1831 First National Negro Convention



The first National Negro Convention was held in Philadelphia from September 20-24, 1831. The convention was attended by delegates from Delaware, Maryland, New York, Pensylvania and Virginia. Chairing the convention was Richard Allen.

IThe National Negro Convention movement was an important and influential initiative of the 19th century in the United States. The first convention, held in Philadelphia in 1831, was an important gathering of Black leaders aiming to devise strategies for achieving racial equality, civil rights, and the abolition of slavery.

The Convention was attended by delegates from several states such as Delaware, Maryland, New York, Pennsylvania, and Virginia. Delegates were often clergymen, writers, and other well-known figures in the free Black community.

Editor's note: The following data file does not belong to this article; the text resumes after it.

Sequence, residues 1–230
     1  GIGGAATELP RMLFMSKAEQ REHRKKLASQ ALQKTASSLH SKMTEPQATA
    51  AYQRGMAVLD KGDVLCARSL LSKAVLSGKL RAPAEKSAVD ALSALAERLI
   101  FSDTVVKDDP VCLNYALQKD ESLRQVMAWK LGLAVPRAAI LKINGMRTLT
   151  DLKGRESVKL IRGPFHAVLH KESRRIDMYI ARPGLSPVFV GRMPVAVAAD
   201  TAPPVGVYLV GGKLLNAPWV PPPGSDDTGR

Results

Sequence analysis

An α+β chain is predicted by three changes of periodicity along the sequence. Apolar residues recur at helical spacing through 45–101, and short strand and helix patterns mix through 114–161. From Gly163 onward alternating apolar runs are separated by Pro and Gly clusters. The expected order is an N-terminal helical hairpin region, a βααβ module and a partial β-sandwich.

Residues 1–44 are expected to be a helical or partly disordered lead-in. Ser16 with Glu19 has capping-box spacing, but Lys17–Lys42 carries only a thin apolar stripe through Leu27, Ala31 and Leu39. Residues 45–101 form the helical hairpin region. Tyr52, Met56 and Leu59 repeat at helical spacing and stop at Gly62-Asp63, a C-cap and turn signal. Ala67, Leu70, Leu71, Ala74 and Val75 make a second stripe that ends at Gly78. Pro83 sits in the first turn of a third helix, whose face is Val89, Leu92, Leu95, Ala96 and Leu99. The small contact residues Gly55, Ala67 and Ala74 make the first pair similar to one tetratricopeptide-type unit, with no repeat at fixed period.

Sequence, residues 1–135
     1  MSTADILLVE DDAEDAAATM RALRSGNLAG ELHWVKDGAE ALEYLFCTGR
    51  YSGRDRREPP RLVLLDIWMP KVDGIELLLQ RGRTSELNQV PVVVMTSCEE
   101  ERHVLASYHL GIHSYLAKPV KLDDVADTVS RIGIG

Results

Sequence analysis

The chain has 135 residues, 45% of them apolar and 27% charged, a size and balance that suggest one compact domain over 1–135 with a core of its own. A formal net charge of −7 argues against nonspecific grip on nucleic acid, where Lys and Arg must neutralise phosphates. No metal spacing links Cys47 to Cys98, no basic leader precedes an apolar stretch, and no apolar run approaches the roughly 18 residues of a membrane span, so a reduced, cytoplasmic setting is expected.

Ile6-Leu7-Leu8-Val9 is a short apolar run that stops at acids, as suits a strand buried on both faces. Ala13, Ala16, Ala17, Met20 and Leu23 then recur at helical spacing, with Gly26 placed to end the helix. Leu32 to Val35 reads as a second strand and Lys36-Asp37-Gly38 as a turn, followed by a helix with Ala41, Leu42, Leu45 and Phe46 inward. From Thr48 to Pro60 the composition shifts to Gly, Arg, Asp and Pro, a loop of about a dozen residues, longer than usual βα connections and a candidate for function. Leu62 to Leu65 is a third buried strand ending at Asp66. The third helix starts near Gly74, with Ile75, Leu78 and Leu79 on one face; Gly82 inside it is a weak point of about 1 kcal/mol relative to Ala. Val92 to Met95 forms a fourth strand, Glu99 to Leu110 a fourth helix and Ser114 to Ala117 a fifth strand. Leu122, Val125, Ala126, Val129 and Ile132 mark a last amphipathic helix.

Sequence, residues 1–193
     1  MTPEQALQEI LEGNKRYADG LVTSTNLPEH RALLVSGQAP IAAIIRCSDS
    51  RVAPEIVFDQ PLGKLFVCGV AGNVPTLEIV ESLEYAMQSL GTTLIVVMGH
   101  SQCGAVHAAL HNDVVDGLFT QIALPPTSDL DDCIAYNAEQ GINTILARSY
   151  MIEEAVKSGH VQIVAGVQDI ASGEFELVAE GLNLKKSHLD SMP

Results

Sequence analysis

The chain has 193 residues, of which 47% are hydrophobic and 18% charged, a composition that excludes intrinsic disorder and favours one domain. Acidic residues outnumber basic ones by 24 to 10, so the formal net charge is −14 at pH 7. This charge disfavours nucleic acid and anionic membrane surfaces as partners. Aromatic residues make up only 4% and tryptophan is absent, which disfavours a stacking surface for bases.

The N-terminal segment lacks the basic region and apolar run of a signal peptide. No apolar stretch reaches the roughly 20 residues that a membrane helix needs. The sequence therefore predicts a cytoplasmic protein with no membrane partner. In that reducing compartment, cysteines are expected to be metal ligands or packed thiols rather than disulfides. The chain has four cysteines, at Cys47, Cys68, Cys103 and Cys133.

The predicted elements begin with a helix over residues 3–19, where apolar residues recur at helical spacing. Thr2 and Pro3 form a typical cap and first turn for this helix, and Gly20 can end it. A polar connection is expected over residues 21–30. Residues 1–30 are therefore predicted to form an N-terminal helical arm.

Richard Allen, who chaired the convention, was a prominent religious and social leader. He was a former enslaved person who purchased his freedom and became an influential minister and educator. He founded the African Methodist Episcopal (AME) Church, which was the first independent Black denomination in the United States.

The convention marked a significant step in the struggle for Black rights and freedoms. It aimed to create a unified strategy to fight against racial discrimination and slavery, and to improve educational and economic opportunities for African Americans. The delegates discussed various issues, such as how to respond to the American Colonization Society's proposal to send free Black people to Africa, particularly Liberia.

The National Negro Convention movement continued until the 1860s, and these gatherings had a profound impact on the fight for Black rights in the United States. They provided a platform for Black leaders to strategize and mobilize, played a critical role in the abolitionist movement, and laid the groundwork for future civil rights efforts.